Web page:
By looking at a wide range of companies, rather than individual organisations, a curious and somewhat mysterious pattern becomes evident in the rise-and-fall dynamics.
As a preliminary to examining the dynamics of groups of companies, we will first explain what we mean by the size of a company, and then introduce the important concepts of flows and stocks, and several tools necessary for examining the distribution of company sizes.
We will find that among ‘giant’ and ‘dwarf’ companies, the size distribution of giants obeys Pareto's law. We will also see that the same law is also found for flow quantities such as individual incomes, and we will touch upon its connection with inequality in society and how it is linked to macro-economics.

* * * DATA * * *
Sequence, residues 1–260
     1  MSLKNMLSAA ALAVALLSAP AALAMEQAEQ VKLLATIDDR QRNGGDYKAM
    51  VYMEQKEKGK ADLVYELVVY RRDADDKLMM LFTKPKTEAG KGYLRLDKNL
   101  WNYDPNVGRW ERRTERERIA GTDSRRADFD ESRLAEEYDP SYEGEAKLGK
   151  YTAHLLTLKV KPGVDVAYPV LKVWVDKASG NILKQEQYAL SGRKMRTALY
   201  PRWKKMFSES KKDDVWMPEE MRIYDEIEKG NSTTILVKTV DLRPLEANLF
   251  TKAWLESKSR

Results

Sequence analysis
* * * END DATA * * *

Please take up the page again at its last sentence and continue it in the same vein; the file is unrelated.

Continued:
We can now turn to the strange world of company dynamics.
Flows and stocks
Companies are economic agents that buy materials and services, create added value by utilising their own resources and earn money by selling the products. Thus, the key to understanding company behaviour is a clear understanding of money flows. Companies raise money, then use this capital to obtain raw materials, employees and facilities, and with these resources add value to products and services, which are then sold to obtain more money.
A company is usually legally obliged to communicate its financial situation to shareholders and creditors through audited accounts and statements, which, by and large, are in the public domain.